Scientists have discovered that a berry found exclusively in Far North Queensland has amazing cancer-fighting properties. And human trials have already been approved.

A team of Australian researchers led by Glen Boyle from the QIMR Berghofer Medical Research Institute in Brisbane, Queensland, has just completed an eight-year study to find that a compound in a berry growing in Far North Queensland can kill face and neck tumours, plus melanomas on the skin.

The berry comes from the blushwood tree (Hylandia dockrillii), which is a rainforest-dwelling variety known for centuries by local indigenous communities as having fast-acting medicinal properties. Now a drug has been manufactured using a compound found in the berry, and it's so far been used on 300 animals, including cats, dogs, horses, and Tasmanian devils, who were afflicted with different kinds of superficial tumours. 

According to Jessica van Vonderen at ABC News, in 75 percent of the 300 animals cases, the tumour disappeared and has so far not come back. 

"There's a compound in the seed - it's a very, very complicated process to purify this compound and why it's there in the first place, we don't know," Boyle told van Vonderen. "The compound works in three ways essentially: it kills the tumour cells directly, it cuts off the blood supply and it also activates the body's own immune system to clean up the mess that's left behind."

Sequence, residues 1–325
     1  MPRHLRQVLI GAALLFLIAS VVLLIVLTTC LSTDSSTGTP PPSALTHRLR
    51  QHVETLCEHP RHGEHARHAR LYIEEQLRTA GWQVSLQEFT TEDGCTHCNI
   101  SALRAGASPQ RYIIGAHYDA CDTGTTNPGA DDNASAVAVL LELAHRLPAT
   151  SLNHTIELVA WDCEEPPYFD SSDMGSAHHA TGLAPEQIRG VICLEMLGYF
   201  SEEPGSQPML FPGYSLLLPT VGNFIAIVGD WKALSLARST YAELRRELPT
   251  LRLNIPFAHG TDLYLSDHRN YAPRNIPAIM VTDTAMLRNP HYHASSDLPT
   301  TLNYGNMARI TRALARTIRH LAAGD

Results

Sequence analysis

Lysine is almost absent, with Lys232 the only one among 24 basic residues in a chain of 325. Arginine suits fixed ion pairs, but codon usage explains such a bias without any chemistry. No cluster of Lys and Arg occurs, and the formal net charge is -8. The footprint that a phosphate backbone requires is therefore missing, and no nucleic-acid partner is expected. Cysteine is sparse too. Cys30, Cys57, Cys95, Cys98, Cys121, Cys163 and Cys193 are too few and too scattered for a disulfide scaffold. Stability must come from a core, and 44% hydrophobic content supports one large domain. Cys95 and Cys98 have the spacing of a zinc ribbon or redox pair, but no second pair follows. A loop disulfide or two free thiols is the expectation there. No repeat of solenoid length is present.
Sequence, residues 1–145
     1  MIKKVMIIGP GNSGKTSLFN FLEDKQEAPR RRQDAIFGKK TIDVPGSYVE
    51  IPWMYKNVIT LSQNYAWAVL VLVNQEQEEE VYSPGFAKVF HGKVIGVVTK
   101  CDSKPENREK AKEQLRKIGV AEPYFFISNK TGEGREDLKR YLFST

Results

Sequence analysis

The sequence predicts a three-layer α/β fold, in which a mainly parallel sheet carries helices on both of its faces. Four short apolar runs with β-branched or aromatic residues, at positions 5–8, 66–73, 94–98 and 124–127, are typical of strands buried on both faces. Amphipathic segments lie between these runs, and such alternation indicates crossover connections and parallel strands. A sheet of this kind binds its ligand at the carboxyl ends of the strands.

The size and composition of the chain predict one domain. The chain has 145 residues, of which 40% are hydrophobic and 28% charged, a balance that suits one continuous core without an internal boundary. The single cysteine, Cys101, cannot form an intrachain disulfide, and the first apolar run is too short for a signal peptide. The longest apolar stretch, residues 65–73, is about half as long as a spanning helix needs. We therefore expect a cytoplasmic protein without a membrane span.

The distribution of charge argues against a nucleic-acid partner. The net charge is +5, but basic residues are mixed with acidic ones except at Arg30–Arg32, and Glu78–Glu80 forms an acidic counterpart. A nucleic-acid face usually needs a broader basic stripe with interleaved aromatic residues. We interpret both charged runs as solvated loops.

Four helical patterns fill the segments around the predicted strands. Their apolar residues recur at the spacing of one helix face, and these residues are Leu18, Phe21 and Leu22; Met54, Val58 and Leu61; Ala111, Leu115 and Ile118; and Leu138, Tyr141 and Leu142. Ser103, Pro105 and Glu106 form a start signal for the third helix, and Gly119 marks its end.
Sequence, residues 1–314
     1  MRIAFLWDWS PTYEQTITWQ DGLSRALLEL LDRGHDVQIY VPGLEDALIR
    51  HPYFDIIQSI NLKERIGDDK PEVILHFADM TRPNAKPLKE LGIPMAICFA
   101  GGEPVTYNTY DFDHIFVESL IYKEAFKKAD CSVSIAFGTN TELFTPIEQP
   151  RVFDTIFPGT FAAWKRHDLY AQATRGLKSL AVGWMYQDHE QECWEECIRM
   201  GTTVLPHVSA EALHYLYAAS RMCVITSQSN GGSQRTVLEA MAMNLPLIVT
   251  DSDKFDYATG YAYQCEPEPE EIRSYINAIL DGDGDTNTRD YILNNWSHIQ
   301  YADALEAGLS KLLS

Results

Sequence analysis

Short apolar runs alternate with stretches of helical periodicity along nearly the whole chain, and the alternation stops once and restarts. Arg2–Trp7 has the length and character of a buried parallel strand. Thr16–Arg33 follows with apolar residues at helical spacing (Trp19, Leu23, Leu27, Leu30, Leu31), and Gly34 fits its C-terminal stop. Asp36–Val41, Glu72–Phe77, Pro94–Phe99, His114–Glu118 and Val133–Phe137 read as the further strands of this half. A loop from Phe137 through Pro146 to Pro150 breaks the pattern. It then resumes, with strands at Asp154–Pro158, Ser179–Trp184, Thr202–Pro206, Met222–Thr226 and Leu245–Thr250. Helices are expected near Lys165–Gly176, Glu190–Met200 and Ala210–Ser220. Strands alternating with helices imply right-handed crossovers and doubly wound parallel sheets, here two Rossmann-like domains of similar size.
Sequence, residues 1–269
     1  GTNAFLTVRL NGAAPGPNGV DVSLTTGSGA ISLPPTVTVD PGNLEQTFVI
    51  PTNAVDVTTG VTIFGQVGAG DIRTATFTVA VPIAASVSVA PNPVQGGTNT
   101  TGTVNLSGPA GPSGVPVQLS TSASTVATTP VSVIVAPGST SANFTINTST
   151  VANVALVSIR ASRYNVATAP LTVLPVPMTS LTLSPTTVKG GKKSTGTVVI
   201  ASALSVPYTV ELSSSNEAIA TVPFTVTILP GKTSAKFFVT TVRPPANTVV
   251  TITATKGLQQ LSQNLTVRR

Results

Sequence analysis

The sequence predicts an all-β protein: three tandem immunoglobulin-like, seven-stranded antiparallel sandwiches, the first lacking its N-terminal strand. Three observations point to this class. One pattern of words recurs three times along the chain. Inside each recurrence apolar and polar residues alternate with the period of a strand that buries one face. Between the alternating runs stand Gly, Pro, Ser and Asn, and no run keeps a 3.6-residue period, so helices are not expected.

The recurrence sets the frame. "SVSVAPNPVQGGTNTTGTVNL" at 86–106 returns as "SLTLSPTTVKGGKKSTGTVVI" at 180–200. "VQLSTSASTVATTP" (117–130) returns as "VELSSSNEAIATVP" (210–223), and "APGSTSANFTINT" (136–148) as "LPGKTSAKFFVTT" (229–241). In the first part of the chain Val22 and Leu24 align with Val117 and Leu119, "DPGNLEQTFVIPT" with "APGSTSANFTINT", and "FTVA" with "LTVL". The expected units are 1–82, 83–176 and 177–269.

One big plus with this new drug, called EBC-46, is that there appears to be no side effects when it's used to treat cancers, and even better, it's super-fast at getting results. According to the ABC, once the drug had been directly injected into the site of the tumour, it started taking effect within five minutes. Whole tumours had disappeared in as little as 15 days. They simply fall off the skin. Compare that to drugs on the market now, which usually take several weeks to treat a tumour. 

Of course, this wonder-berry happens to grow on a shrub that's only found in one small part of the world - the Atherton Tablelands in Australia's Far North Queensland region - and its range is so limited because the blushwood is extremely particular about the conditions under which it will grow. Boyle says that people have been trying to grow the blushwood elsewhere, and have been attempting to set up farms of them, but it's so far proven very difficult. 

Despite that, Boyle and his team have been able to manufacture enough of the EBC-46 drug to begin human trials. He cautions that right now, EBC-46 only appears to work with visible tumours on the surface of the skin, and is not a viable treatment for internal cancers.

The results of the study have been published in the journal PLoS One.

Source: ABC News